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Former Glens ace Robert Craig determined to highlight rare illness that has left him confined to wheelchair

By Adrian Rutherford

Published 22/08/2015

Robert Craig
Robert Craig
Glentoran manager Tommy Jackson and Robert Craig with the Irish Cup.

Robert Craig lived the dream of every young footballer who grew up on the streets of east Belfast, in the shadow of Glentoran FC.

A rising star in the 1980s, he was part of one of the great Glens teams of the modern era. But seven years ago life dealt Robert a devastating blow.

The former winger (47) is now confined to a wheelchair after being struck down with ataxia - a rare and degenerative neurological condition that is so uncommon it affects only 289 people in Northern Ireland.

But just as he never shirked a challenge on the football field, Robert has vowed it won't stop him making the most of life.

"You have a choice, you either get on with life or you just sit there feeling sorry for yourself," he told the Belfast Telegraph. "If you want to restrict yourself that's up to you. I try not to."

Robert, who now lives in Australia, is back in Northern Ireland on holiday.

A charity game, featuring a Glentoran Legends XI and a side made up of Robert's friends, will take place tomorrow afternoon at Dundela FC's Wilgar Park ground at 1.30pm.

Robert, a huge Glens fan, played for the club for seven years. He signed when he was 16 and was part of a squad that included the likes of Jim Cleary, Billy Caskey, Barney Bowers and Johnny Jameson.

"I'd have played for nothing," Robert said. "It was a great team. I was very lucky."

After seven seasons at The Oval, he signed for Ballymena United. Later, he was part of the Loughgall squad that won the old B Division in the 1994/95 season.

Soon afterwards Robert moved to Australia after marrying his wife Gillian.

Originally from Northern Ireland, she had relocated Down Under but was back home on holiday when they met. They set up home in a rural area about 45 minutes from Sydney, and Robert got a job installing air conditioning.

But he began to notice signs that something was badly wrong. "You'd get little twinges. It's a neurological thing so it was little things like your writing and so on - the things you take for granted," he explained.

It led to Robert being diagnosed with idiopathic cerebellar ataxia in 2008. It is one of the more aggressive forms of ataxia, a devastating disorder that affects co-ordination, balance and speech. Any part of the body can be affected, but people with ataxia often have difficulties with balance, walking and speaking - things we all take for granted.

In Robert's case of idiopathic cerebellar ataxia, the brain is progressively damaged over time for reasons that are still unknown.

"When I was diagnosed I was devastated," Robert added. "My mother-in-law had just passed away two weeks before that. It changed everything. I eventually had to give up work. Your life is suddenly, dramatically, changed. But I don't think your personality changes. I don't think I've changed."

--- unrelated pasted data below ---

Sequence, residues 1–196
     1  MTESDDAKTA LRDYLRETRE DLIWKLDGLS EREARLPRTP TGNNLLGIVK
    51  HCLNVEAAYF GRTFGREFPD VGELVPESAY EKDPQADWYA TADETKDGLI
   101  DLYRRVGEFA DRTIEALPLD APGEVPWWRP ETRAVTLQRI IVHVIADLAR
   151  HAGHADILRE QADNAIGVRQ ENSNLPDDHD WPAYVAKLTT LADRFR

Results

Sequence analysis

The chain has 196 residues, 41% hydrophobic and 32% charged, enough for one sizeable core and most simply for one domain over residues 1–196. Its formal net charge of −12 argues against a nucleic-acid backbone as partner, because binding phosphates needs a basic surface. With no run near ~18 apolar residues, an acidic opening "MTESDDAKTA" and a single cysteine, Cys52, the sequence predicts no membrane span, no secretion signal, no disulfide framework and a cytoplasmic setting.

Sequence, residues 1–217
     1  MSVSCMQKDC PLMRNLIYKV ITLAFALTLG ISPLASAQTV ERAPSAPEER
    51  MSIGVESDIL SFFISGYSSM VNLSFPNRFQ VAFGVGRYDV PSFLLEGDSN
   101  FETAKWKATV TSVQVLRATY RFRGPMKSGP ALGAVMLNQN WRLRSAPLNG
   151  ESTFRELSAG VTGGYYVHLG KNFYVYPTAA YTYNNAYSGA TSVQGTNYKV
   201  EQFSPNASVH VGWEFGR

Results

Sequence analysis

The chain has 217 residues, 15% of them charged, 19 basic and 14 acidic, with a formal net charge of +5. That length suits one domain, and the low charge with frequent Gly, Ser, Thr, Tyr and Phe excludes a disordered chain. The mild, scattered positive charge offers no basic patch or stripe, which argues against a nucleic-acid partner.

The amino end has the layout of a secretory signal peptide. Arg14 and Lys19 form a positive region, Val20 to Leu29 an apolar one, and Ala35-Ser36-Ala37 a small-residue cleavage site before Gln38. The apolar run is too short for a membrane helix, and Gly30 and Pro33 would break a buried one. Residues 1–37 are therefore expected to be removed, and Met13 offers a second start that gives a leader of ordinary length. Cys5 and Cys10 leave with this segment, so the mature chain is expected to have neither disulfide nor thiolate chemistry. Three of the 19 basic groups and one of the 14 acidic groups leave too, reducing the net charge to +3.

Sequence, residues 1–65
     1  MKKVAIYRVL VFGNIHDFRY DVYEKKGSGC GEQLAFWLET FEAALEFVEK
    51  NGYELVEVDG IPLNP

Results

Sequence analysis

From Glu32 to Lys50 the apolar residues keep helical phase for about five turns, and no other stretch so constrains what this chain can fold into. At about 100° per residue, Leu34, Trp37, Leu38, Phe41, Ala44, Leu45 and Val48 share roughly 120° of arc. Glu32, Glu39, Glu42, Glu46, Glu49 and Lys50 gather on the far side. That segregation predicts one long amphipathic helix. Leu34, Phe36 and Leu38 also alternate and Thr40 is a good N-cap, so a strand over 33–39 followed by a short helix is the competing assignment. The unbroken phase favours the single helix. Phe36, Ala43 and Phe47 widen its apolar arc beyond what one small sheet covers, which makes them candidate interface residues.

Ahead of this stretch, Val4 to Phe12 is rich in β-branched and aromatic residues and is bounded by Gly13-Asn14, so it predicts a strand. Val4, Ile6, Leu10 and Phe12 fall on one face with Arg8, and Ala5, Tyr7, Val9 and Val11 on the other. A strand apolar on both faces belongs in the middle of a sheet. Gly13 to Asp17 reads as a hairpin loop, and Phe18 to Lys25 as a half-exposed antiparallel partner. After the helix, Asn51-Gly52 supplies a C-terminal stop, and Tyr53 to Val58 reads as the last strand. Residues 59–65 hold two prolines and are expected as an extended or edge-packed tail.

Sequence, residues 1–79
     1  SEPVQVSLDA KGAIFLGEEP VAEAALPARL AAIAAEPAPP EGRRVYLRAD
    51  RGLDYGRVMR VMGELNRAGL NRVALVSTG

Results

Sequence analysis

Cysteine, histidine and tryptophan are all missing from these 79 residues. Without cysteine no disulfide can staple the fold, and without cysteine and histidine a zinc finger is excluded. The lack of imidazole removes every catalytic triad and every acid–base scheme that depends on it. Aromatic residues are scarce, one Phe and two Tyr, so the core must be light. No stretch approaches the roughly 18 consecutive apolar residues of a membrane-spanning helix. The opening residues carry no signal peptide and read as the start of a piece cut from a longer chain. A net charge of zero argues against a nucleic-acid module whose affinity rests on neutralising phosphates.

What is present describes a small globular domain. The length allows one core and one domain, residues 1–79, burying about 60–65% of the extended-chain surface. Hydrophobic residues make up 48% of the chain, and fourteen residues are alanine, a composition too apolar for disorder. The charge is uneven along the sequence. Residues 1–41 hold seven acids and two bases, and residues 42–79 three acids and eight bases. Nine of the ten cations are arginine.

Robert admits he struggled to cope in the days and weeks after his diagnosis.

"It was difficult for a long period of time. To be honest I went through depression - verything," he added. "You get up in the morning and think 'why me? What have I done wrong?' But basically you can either get up and confront it or you can sit there and wallow in self-pity.

"It's still going to be there the next day and the day after that and so on. I'm lucky because I have great people around me. I've a great wife and some great friends."

Robert had been returning to Northern Ireland every two years before he was diagnosed.

But he was unsure how people would react, so he stopped coming home. This is his first visit in seven years - but he has been heartened by the reaction and support shown by his friends.

"It was the stigma of this here; I didn't know what way people were going to treat me," he added.

"Then one day I just decided that if people are going to treat me differently they are not real friends.

"But my friends here have treated me no differently whatsoever."

The condition is degenerative, and there is no treatment currently available. Robert now wants to highlight the little-known condition and raise cash so that a cure might one day be found.

"It won't come in my lifetime, but hopefully someone, somewhere can benefit in the future," he added.

He remains a devoted Glens fan, and has been at every game since he returned earlier this month. This afternoon he will be at The Oval to see his former club play Warrenpoint Town.

What is ataxia?

Ataxia is the name given to a group of neurological disorders which affect balance, co-ordination and speech. There are many different types of ataxia that can affect people in different ways. Anyone of any age can get ataxia, but certain types are more common in certain age groups. A rare condition, some forms of ataxia are treatable, but in most cases there is still no cure.

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